Community members are welcome to harvest produce during open garden hours on Saturday mornings, and the Boys and Girls Club of Central Iowa comes in on Wednesday evenings, but Finnell wants more community involvement. Several additions are in the works to provide better access, including a shade pergola and porch swing. “Most importantly, we’re going to create a mini-garden outside of the [gates] that anyone can come pick from at anytime,” she says. “It’ll be a nice place to hang out.”
Finnell works with a group of volunteers to harvest the food and place it in a food pantry outside the garden for community members. Interestingly, she says no one she works with has seen anyone taking food from the garden, outside of the workshops Finnell and other volunteers lead for The Boy and Girls Club of Central Iowa. But once the workers are gone, food in the pantry quickly disappears.
Finnell hopes to get community members more involved in the garden, growing, composting and harvesting produce themselves, instead of only reaping the benefits. She has plans in the works that will teach community members about the value of composting, as well as winter gardening.
“The problem is that people just don’t know enough about the garden,” says Finnell.
Penny Johnson apprenticed at a restaurant in Paines, Alaska that grew its own food to cook and serve to patrons. They had no choice. Because of the restaurant’s remote location, they had limited access to fresh food.
“In Alaska, it is definitely garden to table, because we otherwise wouldn’t have had fresh produce,” says Johnson. She learned how to cultivate and prepare healthy, fresh meals during her apprenticeship and still uses her knowledge to grow and cook her own food.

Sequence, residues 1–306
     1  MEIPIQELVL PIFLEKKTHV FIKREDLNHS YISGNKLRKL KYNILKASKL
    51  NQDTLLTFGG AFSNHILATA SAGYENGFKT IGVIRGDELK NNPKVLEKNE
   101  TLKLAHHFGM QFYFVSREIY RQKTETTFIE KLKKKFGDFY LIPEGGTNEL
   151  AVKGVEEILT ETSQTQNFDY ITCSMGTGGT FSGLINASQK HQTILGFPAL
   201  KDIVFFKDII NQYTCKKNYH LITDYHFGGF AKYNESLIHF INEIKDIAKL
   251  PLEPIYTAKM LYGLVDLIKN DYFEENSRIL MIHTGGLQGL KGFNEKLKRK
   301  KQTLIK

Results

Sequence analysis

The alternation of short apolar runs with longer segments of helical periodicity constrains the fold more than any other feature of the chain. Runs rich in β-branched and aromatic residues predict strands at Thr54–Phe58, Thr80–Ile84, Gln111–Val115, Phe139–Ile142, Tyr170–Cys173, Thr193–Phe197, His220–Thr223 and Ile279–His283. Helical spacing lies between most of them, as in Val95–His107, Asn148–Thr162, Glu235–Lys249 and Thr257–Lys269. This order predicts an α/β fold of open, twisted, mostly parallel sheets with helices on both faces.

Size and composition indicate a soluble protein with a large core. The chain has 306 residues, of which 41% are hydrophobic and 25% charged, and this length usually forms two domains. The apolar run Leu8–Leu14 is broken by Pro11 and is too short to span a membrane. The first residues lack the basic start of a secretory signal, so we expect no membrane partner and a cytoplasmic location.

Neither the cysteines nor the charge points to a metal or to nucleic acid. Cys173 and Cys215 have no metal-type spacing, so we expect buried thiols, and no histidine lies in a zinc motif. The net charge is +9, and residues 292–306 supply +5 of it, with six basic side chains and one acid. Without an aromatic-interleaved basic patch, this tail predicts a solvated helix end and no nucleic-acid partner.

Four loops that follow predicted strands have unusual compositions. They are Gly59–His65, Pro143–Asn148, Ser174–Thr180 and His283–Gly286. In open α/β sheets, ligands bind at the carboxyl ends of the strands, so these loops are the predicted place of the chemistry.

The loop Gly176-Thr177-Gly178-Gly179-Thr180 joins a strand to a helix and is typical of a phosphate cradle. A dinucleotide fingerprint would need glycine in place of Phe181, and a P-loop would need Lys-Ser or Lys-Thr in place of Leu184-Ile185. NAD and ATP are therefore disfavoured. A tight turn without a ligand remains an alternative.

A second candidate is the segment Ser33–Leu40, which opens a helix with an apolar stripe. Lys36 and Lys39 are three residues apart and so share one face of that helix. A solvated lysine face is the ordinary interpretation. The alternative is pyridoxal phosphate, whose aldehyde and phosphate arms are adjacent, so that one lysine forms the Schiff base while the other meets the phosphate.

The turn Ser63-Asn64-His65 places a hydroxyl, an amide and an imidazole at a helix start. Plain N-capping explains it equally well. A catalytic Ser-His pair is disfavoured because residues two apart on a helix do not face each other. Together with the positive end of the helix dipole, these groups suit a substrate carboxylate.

Aeroponic gardens don’t require soil. Instead, they grow the produce by circulating enriched water over the plants’ roots. This process delivers vitamins and minerals directly to the plant, making growth more efficient. The gardens stand at five feet tall and can grow up to 28 plants at one time — convenient for families with limited space.
“You can grow anything that is not a root vegetable, because there is no soil,” Johnson says. “We’ve grown zucchini, cucumbers, peppers, tomatoes and other things.”
Ideally, this easy access to fresh fruits and vegetables will lead to healthier meals. Johnson helps families, classrooms and even The Boys and Girls Club use aeroponic gardens to grow produce. “I get to talk to people about their health and their family’s health,” Johnson says, “I get a joy out of teaching people to feed themselves.”
Community gardens and home gardens help mitigate the effect of food deserts, but there is still plenty of room for improvement, especially in the winter. Johnson encourages the use of her indoor gardening method for the winter so that families can have access to fresh produce year-round; Finnell is planning to introduce special cold-weather equipment to the Sprout garden beds to extend the growing season.
Akright suggests another approach to proactively prevent food deserts: shopping at local businesses in the neighborhood.
“Supporting the local grocery stores, keeping small town business going is a great way to keep that grocery desert from forming,” Akright says. “Not only are you keeping the fields of those fresh fruits and vegetables and those important foods in that community, but you are also providing the economic benefit of having that job supplier in that community to keep that town alive.”